Why journalists need to double the five Ws

February 26, 2019 01:30

More fundamental even than Journalism 101 is the concept of the five Ws: Every story should answer who, what, when, where, why, and usually how, too.

At a time when the information landscape is increasingly crowded  with other types of content, including misinformation and opinion, competing with and threatening the integrity of responsible journalism, it’s becoming fundamental to answer those same questions not just about each story but about the journalistic process behind each story.

Who are the sources? What is known and unknown? Why and how was this story reported?

A new report released by the Center for Media Engagement, which worked with the Trusting News project and two newsrooms on the study, shows just how important process transparency is to earning news consumers’ trust.

Explain your process
According to the research, news sites which included an “explain your process” box showing why and how a story was reported alongside the text of a digital news story were seen as more reliable, transparent, informative and credible, regardless of the readers’ prior levels of trust and political ideology.

The concept of process transparency isn’t new, but is taking on increased urgency.

Build journalism differently
In May 2018, the American Press Institute published a white paper urging journalists to “build their journalism in a way that makes the reporting process and principles more explicit,” and to “think of a nutrition label for news, one that answers ‘What went into making this product?’”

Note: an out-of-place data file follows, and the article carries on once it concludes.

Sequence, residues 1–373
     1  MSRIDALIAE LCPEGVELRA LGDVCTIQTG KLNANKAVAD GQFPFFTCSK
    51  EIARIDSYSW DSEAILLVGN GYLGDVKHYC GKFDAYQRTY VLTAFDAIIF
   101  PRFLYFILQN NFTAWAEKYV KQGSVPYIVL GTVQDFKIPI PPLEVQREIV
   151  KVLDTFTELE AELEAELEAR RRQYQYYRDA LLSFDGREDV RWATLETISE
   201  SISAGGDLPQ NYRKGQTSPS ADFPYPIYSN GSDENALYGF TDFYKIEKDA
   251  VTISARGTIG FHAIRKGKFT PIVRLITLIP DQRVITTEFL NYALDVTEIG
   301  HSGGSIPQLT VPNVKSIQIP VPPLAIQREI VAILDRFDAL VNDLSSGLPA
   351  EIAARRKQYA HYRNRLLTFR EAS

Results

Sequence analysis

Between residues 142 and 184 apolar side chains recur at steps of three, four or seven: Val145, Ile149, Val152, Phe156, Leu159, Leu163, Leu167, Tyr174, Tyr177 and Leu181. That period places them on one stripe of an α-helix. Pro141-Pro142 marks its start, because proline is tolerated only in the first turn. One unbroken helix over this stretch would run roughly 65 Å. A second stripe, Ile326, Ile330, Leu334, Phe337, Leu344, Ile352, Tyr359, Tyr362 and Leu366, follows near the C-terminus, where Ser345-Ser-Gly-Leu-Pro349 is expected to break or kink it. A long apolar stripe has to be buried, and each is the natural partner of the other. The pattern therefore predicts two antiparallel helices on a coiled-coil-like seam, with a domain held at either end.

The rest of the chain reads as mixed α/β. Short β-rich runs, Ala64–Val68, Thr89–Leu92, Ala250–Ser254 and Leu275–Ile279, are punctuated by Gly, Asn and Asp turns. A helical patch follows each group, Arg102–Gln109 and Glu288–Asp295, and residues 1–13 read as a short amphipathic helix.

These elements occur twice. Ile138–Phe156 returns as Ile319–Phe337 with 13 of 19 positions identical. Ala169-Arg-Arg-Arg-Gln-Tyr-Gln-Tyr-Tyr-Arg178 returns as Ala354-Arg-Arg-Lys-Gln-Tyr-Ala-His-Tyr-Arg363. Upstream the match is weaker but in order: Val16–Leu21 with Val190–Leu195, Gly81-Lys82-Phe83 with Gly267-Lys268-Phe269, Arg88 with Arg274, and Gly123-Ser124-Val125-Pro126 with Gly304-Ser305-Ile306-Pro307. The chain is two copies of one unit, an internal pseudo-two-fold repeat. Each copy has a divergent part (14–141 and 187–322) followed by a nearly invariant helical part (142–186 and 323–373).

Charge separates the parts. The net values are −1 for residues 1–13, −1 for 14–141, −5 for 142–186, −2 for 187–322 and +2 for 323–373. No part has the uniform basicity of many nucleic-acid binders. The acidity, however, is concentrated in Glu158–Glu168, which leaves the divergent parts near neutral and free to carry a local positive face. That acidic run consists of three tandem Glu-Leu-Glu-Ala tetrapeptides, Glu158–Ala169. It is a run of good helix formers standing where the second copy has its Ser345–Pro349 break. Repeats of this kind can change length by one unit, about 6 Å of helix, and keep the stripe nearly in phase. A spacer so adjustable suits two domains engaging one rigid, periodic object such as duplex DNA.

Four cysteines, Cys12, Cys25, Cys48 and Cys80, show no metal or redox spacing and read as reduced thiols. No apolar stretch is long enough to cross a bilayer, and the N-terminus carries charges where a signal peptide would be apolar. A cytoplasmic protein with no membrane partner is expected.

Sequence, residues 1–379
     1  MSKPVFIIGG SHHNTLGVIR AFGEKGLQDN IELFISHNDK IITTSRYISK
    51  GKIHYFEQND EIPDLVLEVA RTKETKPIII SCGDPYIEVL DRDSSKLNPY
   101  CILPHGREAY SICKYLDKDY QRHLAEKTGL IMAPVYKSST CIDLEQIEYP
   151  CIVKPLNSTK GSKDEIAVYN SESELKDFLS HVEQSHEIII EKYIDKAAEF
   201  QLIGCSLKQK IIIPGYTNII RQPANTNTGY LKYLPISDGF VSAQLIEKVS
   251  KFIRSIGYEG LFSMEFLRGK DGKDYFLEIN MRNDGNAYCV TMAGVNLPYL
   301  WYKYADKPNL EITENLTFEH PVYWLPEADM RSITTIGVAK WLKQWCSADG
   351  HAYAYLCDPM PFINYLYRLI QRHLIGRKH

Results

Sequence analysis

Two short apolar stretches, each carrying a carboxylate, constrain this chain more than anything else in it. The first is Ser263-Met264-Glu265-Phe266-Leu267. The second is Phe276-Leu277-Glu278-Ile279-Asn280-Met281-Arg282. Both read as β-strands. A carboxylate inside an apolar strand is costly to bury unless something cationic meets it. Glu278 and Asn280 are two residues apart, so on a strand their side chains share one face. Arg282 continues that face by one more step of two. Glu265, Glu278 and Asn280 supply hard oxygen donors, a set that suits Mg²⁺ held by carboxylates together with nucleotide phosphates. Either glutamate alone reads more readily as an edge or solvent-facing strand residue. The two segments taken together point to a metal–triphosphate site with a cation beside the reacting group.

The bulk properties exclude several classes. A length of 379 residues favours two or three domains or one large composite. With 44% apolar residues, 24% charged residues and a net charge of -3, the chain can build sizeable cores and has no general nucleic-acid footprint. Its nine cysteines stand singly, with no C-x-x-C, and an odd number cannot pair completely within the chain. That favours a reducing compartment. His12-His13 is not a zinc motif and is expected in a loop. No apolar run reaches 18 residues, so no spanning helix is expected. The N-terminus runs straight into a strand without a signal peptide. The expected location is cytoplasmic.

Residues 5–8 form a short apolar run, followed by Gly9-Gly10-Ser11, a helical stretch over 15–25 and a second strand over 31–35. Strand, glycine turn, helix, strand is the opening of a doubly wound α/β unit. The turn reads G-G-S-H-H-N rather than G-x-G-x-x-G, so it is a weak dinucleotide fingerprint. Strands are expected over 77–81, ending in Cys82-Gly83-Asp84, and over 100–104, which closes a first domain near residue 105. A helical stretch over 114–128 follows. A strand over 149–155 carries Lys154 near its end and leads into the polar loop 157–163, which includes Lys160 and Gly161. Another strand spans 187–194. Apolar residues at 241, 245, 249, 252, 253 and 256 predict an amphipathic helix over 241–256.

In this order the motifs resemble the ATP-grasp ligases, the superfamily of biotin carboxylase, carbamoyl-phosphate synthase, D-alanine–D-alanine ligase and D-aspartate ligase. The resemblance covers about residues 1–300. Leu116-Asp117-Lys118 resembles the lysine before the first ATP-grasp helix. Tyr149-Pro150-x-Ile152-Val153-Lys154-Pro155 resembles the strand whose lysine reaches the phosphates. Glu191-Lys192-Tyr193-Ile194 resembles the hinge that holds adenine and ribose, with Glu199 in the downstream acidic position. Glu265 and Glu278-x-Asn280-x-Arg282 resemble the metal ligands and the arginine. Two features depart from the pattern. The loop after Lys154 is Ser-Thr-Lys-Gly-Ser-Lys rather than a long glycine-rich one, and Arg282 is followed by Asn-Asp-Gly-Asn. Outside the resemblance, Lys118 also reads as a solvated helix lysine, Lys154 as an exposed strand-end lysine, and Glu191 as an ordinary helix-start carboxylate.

At a time when the public is so manifestly questioning the journalism available to them, it makes sense to think about how to show the elements of good reporting differently, moving from ‘trust me’ to ‘show me’ journalism.” - American Press Institute

The report includes suggestions for the most common questions audiences may have about different types of news stories, including investigative reporting, they type of project traditionally more likely to include process elements, as well as for features, fact checks and other story types.

Try it in your newsroom
The Center for Media Engagement study tested including a text box in digital stories answering these questions, and showed improved confidence from audiences in the reporting.

How might this work in a broadcast format, where unlike the digital world and its essentially unlimited real estate, time is limited?
  • Take advantage of second screen opportunities. Many broadcast stories end with a note to “visit our app” or “go to our website” to learn more. Your newsroom can take advantage of that online space to share the type of “explain your process” box shown to be effective. Social media platforms are also an opportunity to offer more substantive “behind the scenes” content and even answer additional audience questions about the reporting process. Make it a goal to use these platforms strategically to be more explicit about your stories’ hows and whys.
  • Build process into your scripts more explicitly. Many broadcast packages may include hints at process. If you’re reporting on a car crash, for example, you may talk about ongoing safety issues at a particular intersection: that’s why you’re reporting on that particular crash. Take a moment to reword your scripts to state that explicitly.
  • Take the extra time. For longer form projects, investigative stories, or any packages where your story selection or process may be controversial or raise questions, it’s likely worth taking an extra ten or twenty seconds on air to explain your process fully in addition to including details with your digital versions of those stories.
  • Use process reporting. Occasionally, a story may warrant an even deeper dive into your process. If you need to issue an especially substantive correction or have made a particularly controversial decision, your audience could be well served by a separate, more detailed story: an entire piece about your process. (RTDNA took that approach on a story in late 2017).
This kind of radical transparency – adding five more Ws to your traditional reporting method – takes practice to do in a way that connects with audiences without being defensive or self-absorbed, but the evidence shows it can work, and is more important to do than ever.